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Chapter 12: Metals (eChapter) from Fundamentals of Manufacturing, 2nd Edition Image

Chapter 12: Metals (eChapter) from Fundamentals of Manufacturing, 2nd Edition

Author(s)/Editor(s): Philip D Rufe
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Published: 04/01/2005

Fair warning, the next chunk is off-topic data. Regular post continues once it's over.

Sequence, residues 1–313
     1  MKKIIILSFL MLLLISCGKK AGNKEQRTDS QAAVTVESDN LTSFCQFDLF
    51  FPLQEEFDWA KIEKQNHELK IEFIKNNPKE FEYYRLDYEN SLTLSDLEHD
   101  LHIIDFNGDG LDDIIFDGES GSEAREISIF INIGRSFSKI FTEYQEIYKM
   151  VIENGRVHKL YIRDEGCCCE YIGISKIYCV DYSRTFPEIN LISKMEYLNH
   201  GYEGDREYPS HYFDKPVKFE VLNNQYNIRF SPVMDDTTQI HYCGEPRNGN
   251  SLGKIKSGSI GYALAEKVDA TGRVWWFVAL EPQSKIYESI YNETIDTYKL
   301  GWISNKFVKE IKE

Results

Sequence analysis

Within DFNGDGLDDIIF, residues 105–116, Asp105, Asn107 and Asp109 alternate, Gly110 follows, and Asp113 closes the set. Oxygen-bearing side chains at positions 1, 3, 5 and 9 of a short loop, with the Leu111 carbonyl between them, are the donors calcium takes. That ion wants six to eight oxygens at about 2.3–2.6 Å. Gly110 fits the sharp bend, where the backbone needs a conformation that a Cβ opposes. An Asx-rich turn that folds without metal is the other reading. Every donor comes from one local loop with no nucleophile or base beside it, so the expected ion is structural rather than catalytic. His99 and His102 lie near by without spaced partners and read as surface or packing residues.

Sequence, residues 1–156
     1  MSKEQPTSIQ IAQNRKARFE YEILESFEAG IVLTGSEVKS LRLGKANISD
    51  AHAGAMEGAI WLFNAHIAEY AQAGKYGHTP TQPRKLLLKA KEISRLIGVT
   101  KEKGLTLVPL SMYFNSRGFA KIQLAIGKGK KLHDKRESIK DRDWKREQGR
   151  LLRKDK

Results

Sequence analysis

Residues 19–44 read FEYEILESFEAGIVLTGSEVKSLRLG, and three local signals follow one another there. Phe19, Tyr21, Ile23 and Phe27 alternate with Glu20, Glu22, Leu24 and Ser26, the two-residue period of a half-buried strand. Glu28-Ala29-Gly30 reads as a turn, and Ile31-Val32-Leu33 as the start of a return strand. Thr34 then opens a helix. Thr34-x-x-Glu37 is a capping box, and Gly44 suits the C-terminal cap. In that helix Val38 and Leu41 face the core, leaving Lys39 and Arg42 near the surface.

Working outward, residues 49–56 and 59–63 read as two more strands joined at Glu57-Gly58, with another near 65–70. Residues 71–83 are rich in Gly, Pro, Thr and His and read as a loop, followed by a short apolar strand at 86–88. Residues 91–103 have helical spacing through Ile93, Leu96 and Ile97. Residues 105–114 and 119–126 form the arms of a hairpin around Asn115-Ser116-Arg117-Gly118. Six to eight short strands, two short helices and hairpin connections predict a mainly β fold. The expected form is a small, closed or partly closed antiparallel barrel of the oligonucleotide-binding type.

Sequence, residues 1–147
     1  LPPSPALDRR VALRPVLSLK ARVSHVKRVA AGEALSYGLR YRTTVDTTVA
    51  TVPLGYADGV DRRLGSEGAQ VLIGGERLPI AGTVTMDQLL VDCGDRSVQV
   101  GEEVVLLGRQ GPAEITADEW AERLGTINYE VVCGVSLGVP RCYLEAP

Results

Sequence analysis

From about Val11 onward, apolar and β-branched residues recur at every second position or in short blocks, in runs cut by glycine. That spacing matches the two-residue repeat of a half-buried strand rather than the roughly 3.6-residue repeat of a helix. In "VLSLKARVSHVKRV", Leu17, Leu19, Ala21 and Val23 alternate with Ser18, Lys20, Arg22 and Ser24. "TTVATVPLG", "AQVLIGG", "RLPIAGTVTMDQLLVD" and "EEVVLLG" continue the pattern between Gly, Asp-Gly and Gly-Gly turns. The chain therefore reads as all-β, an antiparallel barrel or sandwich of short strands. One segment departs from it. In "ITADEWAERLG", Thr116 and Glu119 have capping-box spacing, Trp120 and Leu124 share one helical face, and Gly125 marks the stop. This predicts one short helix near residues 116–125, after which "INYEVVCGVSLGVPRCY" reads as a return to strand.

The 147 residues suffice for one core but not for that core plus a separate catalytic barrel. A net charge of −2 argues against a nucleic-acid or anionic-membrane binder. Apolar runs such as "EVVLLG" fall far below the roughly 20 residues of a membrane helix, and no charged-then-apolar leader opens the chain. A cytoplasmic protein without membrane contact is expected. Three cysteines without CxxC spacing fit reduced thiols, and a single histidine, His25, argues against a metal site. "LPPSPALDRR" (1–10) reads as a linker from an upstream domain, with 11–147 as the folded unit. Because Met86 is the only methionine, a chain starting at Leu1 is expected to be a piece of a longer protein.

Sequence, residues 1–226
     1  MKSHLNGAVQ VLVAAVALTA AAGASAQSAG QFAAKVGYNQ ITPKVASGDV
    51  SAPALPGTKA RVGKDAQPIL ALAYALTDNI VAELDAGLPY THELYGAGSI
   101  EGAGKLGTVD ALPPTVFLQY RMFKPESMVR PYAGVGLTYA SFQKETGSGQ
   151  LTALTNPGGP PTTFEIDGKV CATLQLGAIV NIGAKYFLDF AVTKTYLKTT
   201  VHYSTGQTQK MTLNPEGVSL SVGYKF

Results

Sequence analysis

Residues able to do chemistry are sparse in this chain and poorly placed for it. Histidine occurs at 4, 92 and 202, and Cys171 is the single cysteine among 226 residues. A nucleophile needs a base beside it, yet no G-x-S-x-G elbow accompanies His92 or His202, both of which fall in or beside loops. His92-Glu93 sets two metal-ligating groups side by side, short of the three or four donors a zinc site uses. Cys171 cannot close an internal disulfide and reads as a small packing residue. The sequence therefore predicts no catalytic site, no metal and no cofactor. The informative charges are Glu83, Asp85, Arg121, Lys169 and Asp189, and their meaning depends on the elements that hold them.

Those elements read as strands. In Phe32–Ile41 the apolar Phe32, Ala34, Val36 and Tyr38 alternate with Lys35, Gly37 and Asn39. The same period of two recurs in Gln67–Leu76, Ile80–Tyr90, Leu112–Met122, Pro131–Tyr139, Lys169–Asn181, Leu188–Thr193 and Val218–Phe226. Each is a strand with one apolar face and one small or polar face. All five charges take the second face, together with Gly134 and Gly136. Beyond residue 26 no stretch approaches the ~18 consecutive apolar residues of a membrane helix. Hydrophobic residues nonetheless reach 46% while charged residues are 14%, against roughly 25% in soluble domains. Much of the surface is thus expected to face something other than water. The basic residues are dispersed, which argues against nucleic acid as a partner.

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Most elements in the periodic table are metals. They share some important characteristics. Generally, metals are solid at room temperature, good conductors of heat, good conductors of electricity, shiny and become highly reflective when smooth, and malleable and ductile. When a pure metal is hot enough to be in liquid form, the arrangement of the atoms is constantly changing. As the metal cools, the atoms take on a very orderly, three-dimensional, geometric arrangement. This arrangement is called a crystalline structure. The phase diagram is a tool for understanding the phase changes for a metal. Pure metals have a clearly defined melting point. Solidification or freezing occurs at a constant temperature. As a pure liquid metal is cooled, its temperature drops to the solidification temperature and remains at that temperature until all of the liquid has solidified. There are three solid phases of the iron-carbon mixture that are important in understanding the metallurgy of iron and steel. They are ferrite, austenite, and cementite. One of the most important phase diagrams in engineering applications is the iron-carbon system. Heat treatment may be employed to improve tensile strength, ductility, toughness, wear resistance, machinability, formability, bending quality, corrosion resistance, magnetic properties, and other properties.